Coaching is a powerful process, but it’s not the answer to all problems. Sometimes, a coaching client should be referred to a different specialist, such as a therapist or counselor. In fact, failing to do so is a clear ethical violation for a coach.
Thankfully, ICF has developed a helpful guide for when a referral to a therapist or other professional is recommended or required. Below is the quick overview, and you can download the full text of a white paper on this topic here.
WHEN AND HOW TO REFER A CLIENT TO THERAPY OR OTHER HELPING PROFESSIONALS*
- Coach’s ethical responsibility
- Psychotherapy is outside coaching scope of work
- Intervention is important to recovery
- Intervention may save a life
- Issue is outside your competency and experience level
- Issue interferes with daily functioning
- Issue is a barrier to making progress in coaching
- Issue is psychological in nature and deals with deep seated emotions
- Be direct and calm
- Express concern and care
- Point out specific behaviors
- Listen closely
- Encourage client to seek help
- Normalize therapy
- Make referral
SIGNS AND SYMPTOMS
- Marked changes in mood such as irritability, anger, anxiety, or sadness
- Decline in performance at work or school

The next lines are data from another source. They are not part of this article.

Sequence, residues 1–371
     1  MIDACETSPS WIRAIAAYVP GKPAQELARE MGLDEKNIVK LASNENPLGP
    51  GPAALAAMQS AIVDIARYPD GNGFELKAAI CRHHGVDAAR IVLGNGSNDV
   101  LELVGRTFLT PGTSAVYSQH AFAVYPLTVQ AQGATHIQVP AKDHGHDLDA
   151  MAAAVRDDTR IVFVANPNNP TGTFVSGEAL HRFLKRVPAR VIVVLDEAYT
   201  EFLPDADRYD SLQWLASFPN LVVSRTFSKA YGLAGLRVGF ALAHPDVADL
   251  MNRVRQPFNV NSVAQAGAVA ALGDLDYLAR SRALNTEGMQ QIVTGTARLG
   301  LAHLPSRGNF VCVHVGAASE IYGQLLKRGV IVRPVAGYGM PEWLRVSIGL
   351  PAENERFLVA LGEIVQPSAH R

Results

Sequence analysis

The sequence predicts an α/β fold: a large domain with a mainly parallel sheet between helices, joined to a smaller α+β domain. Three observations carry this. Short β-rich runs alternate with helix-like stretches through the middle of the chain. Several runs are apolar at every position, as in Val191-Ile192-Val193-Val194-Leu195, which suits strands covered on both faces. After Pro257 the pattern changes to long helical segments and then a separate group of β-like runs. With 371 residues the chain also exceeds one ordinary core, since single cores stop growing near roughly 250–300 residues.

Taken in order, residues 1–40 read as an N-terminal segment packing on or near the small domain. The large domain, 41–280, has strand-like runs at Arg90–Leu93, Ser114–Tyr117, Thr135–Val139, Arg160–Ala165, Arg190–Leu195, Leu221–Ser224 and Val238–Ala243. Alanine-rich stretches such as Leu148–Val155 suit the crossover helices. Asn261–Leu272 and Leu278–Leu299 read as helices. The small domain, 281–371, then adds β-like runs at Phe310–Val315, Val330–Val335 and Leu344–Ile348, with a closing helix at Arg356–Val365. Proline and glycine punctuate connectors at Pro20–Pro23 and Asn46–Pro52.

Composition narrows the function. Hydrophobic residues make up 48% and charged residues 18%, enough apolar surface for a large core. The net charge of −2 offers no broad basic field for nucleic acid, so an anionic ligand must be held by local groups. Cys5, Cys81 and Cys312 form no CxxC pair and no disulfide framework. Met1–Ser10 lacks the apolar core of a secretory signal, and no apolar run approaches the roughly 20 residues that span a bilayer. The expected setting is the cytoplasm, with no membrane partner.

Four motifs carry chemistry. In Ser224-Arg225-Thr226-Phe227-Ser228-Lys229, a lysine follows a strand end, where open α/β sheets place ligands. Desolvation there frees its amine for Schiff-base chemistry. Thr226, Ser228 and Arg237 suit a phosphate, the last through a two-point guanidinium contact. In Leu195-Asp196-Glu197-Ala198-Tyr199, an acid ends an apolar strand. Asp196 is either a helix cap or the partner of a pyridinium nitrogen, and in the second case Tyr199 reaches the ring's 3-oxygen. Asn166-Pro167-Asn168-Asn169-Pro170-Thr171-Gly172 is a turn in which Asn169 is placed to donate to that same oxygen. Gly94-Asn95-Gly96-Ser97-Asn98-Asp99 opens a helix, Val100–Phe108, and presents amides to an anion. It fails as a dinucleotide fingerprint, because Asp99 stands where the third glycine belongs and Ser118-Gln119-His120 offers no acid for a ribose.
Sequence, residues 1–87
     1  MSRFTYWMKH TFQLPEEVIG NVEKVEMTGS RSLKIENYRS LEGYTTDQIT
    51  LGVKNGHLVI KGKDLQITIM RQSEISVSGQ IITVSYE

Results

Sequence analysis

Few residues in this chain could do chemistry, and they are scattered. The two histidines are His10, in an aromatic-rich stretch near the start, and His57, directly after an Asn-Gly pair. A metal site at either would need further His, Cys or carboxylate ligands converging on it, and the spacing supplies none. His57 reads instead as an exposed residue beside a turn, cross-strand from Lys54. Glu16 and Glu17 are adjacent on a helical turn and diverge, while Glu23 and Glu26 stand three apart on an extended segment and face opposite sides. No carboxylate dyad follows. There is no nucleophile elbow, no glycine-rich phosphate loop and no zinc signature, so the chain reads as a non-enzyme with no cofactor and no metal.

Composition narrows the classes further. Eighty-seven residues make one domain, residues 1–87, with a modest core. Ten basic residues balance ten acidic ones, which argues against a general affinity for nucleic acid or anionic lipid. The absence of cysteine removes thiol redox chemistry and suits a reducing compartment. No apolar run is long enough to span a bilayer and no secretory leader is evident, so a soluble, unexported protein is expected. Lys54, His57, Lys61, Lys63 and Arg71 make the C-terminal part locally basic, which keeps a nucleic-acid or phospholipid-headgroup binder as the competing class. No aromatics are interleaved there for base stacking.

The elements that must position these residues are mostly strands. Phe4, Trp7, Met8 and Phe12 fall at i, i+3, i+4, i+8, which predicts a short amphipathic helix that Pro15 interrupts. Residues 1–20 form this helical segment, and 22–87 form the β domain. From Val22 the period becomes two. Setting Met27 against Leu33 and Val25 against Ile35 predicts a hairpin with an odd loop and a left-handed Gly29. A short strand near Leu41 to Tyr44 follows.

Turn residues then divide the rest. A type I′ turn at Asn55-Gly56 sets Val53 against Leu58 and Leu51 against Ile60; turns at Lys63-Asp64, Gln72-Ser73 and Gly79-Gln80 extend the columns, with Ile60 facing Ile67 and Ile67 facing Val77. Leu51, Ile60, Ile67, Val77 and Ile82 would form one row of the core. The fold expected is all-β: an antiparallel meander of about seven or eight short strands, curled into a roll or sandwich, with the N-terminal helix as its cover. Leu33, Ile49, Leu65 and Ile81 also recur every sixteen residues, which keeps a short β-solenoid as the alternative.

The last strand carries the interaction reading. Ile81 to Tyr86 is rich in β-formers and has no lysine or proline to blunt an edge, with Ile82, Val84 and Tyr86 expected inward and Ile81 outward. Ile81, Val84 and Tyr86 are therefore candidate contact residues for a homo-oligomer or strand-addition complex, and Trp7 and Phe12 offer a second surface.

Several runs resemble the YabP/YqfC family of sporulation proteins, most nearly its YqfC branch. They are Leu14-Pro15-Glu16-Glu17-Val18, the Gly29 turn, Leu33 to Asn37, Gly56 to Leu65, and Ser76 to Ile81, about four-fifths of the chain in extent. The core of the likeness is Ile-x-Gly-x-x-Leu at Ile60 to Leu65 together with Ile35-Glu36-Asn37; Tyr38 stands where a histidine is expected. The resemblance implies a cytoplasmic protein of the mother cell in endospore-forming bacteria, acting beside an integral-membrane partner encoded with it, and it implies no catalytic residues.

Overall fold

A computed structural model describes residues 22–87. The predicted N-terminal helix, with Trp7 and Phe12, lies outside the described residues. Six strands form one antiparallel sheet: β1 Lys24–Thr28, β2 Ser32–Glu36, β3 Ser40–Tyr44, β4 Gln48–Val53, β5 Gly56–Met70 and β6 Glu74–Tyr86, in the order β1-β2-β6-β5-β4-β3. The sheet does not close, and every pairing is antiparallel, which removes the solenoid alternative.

- Withdrawal from social relationships and activities
- Changes in weight and appearance, including negligence of personal hygiene
- Disturbances in sleep (either oversleeping or difficulty falling or staying asleep)
- Expresses hopelessness or suicidal thoughts
Common issues that warrant a referral to therapy include anxiety, depression, eating disorders, post traumatic stress, substance abuse, suicidal ideation, and thought disorders.
If you believe someone may be in imminent danger of self-harm or hurting another person:
- Call your local emergency number
- Stay with person until help arrives
- Ask what means they have that may cause harm
- Listen, but do not judge, argue, threaten, or yell
If you think someone is considering suicide, get help from a crisis or suicide prevention hotline.
Contact information for crisis centers:
Befrienders Worldwide – https://www.befrienders.org/
International Association for Suicide Prevention – https://www.iasp.info/resources/Crisis_Centres
International Suicide Prevention Wiki – http://suicideprevention.wikia.com/wiki/International_
* Other helping professionals include a support group, a mentor, a specialist coach, or a spiritual representative. See “Referring a Client to Therapy: A Set of Guidelines” for more details on indicators and the referral process.
** Keep in mind that mental health is on a spectrum, so watch for duration, frequency, and intensity of symptoms. Consider consulting a supervisor or a mental health professional when you are uncertain.
Sources: American Psychiatric Association. (2013). Diagnostic and statistical manual of mental disorders (DSM-5) (5th ed.). Arlington, VA: American Psychiatric Association. American Psychological Association. (2017). Retrieved from www.apa.org. Qualitative research conducted by ICF.
Cite as: Hullinger, A. M. and DiGirolamo, J. A. (2018). Referring a client to therapy: A set of guidelines. Retrieved from Internation al Coaching Federation website: https://coachingfederation.org/app/uploads/2018/05/Whitepaper-Client-Referral.pdf.